The Dolphins are heading back to London — an indication that although local interest in the franchise has waned, the NFL believes their global brand remains strong.
For the second time in eight seasons, the Dolphins will cross the Atlantic for a regular-season game. They will face the Raiders in London’s historic Wembley Stadium next fall, with a date still to be announced.
Miami has been designated the visiting team, meaning the Dolphins will still host eight games at Sun Life Stadium in 2014.
The Dolphins are the fifth NFL team invited to the United Kingdom multiple times — a list that includes Jacksonville, which has an annual agreement to play in London.
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The others — New England, Tampa Bay and San Francisco — have all appeared in at least one Super Bowl in the past 11 years. The Patriots and 49ers are full-blown national curiosities.
The Dolphins, meanwhile, have been largely an afterthought domestically as of late because of a string of losing seasons. But they have built a lasting global fan base thanks to six trips beyond U.S. borders in the past 25 years.
“To this day, we still have a huge international following,” said Dolphins senior vice president of media relations Harvey Greene. “We are one of the most popular international teams that there are. Not only in the UK, but elsewhere internationally. We’ve had a great visibility.”
The Dolphins last played in the United Kingdom in 2007, when they lost to the Giants 13-10 in the inaugural game of the International Series. The Dolphins have also played the Bills in Toronto (2008).
But their history abroad begins long before. The Dolphins have participated in four exhibition games outside the country: London in 1988, Tokyo in 1991, Berlin in 1992 and Mexico City in 1997.
“The Dolphins are proud to once again represent the league abroad as one of the six participants of the 2014 International Series,” Dolphins owner Stephen Ross said. “The opportunity to again connect with our many fans overseas and to expose a growing global audience to the sport we all love is something that our entire organization will fully embrace.”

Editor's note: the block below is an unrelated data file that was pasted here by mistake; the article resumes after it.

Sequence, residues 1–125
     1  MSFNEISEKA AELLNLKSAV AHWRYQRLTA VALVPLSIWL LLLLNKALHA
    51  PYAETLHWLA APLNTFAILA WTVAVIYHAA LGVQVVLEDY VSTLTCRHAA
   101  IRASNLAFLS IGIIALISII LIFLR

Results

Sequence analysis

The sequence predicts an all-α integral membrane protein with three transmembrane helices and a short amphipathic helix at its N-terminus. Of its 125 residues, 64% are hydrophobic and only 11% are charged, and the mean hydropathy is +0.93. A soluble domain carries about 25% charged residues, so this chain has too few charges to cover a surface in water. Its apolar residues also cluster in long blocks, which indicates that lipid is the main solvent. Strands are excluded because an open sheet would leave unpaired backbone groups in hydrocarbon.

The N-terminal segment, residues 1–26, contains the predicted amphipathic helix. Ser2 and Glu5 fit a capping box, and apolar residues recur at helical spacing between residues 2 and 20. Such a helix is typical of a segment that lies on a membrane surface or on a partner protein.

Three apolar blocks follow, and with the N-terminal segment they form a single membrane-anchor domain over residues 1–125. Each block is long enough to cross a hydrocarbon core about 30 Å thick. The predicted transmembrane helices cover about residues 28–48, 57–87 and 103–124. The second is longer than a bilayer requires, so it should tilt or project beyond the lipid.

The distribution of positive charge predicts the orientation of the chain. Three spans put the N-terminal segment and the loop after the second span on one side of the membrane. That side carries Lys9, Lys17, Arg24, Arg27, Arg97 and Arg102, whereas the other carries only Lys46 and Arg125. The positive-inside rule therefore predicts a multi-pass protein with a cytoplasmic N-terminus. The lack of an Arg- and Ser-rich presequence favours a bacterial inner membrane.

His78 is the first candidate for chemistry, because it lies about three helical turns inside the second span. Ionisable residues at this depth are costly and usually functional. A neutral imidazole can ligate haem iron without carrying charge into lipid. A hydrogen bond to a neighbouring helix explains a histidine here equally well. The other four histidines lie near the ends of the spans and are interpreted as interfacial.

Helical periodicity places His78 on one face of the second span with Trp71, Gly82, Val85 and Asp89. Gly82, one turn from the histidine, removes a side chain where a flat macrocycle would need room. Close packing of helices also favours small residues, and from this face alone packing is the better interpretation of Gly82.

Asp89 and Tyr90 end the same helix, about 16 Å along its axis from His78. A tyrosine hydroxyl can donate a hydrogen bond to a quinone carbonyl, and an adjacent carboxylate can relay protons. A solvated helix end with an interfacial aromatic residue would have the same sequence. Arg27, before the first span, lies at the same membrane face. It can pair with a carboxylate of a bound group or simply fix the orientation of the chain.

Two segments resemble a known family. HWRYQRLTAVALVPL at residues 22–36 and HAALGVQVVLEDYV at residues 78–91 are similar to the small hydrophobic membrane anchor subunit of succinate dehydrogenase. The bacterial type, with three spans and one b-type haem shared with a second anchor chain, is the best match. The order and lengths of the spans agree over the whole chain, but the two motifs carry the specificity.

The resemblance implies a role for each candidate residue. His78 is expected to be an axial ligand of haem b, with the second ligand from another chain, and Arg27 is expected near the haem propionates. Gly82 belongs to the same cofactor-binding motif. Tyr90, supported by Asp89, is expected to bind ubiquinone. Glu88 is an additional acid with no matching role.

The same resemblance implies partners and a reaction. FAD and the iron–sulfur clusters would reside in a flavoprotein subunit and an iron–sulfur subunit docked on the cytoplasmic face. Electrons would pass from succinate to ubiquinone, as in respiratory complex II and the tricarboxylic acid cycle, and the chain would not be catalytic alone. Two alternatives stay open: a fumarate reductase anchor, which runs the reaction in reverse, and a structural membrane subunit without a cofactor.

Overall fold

Theirs will be one of three NFL games played in London next year. Cowboys-Jaguars and Lions-Falcons will be the others — the first time that six teams will play in the United Kingdom.
NFL commissioner Roger Goodell unveiled the matchups during a meeting with sports journalists in London on Thursday.
“Our fans in the UK continue to demonstrate their passion for more football,” Goodell said. “We have scheduled three attractive games with four teams playing in their first International Series game.
“The growing enthusiasm for the NFL internationally is exciting, and we look forward to continuing to respond to this interest in our game.”
The expanded schedule is part of a clear effort by the NFL to broaden its reach beyond U.S. borders. Some speculate that the league’s end game is to put a franchise in London, and that these games are a test run to see if such an arrangement is sustainable.
The NFL claims there has been a 30 percent increase in avid British fans in the past two years, with a total fan base of more than 12 million. Sunday NFL TV viewership in the UK has almost doubled since 2006, the league states, and the Super Bowl audience is up 75 percent.
Even the kids are getting involved. Participation in amateur football has grown roughly 15 percent per year since 2007, the NFL reports.
As the Dolphins know firsthand, there’s a lot more logistically that goes into playing abroad than merely the nine-hour flight from Fort Lauderdale-Hollywood to Heathrow.
Other issues include jet lag, finding a place to practice and the special demands that go along with participating in the game.
In 2007, the Dolphins took a Thursday night red-eye flight, arriving Friday morning in London on little sleep. As soon as they touched down, the bleary-eyed team had a mandatory media availability session.
They were then permitted a quick nap before their normal Friday practice. The problem: there were no usable football fields, and the top Premier League soccer stadiums were either unavailable or too far away.
Instead, they worked at the rugby stadium that was home to the London Wasps. Then-Dolphins kicker Jay Feely taught his British counterpart how to kick a football and vice versa.
The game was no picnic, either.
In addition to a loss to the eventual Super Bowl champions, the Dolphins had to deal with a steady rain and sloppy field.
This and that
• Although the Dolphins were off Thursday, they were still obligated to submit an injury report. There were no changes from Wednesday, meaning quarterback Ryan Tannehill would have still been limited with an injury to his throwing shoulder.
• Dolphins players paired up with 60 local students at the Hollywood Dave and Busters on Thursday, promoting healthy eating habits and exercise. The groups participating were the Boys and Girls Club of Broward, AMIkids and Seagull Industries for the Disabled.